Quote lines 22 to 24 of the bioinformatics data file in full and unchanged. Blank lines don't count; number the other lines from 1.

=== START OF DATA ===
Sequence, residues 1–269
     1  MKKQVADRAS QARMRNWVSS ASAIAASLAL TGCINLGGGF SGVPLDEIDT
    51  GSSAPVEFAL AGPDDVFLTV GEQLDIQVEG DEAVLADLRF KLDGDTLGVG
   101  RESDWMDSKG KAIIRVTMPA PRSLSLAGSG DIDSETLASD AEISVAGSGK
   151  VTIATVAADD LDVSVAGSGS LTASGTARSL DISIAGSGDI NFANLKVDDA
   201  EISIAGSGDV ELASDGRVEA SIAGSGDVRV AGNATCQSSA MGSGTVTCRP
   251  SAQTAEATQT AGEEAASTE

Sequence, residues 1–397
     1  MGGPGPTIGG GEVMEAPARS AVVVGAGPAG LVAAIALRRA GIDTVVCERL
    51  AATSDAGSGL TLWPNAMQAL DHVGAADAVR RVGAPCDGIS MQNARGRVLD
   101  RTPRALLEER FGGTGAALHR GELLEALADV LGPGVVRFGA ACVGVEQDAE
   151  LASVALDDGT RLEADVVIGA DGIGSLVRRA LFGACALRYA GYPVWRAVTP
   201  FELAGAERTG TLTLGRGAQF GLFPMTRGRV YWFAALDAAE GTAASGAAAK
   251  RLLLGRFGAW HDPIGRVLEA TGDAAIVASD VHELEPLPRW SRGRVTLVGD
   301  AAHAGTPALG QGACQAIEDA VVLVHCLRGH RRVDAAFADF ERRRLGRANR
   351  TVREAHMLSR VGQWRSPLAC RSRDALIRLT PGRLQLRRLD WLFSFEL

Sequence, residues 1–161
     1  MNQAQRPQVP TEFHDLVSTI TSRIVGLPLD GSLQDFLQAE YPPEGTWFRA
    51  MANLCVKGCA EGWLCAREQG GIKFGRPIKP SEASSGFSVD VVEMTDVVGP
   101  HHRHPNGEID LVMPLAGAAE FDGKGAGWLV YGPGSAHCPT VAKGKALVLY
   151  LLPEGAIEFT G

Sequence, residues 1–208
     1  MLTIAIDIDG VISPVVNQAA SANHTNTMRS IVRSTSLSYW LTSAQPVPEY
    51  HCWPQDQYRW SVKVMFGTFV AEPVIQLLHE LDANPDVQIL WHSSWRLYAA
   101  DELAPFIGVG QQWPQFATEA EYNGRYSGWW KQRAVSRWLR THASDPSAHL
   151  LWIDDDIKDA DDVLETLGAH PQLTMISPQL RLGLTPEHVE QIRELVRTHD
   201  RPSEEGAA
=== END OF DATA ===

Sequence, residues 1–208
     1  MLTIAIDIDG VISPVVNQAA SANHTNTMRS IVRSTSLSYW LTSAQPVPEY
    51  HCWPQDQYRW SVKVMFGTFV AEPVIQLLHE LDANPDVQIL WHSSWRLYAA